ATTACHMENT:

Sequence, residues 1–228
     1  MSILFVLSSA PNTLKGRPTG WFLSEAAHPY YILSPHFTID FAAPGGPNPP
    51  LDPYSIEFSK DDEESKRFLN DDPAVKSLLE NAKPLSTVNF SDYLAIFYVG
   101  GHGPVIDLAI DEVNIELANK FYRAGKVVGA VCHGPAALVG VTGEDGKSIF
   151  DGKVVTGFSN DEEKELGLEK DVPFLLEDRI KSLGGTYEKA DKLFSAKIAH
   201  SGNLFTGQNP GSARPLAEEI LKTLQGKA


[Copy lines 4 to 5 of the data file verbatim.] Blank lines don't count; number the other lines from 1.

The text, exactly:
   101  GHGPVIDLAI DEVNIELANK FYRAGKVVGA VCHGPAALVG VTGEDGKSIF
   151  DGKVVTGFSN DEEKELGLEK DVPFLLEDRI KSLGGTYEKA DKLFSAKIAH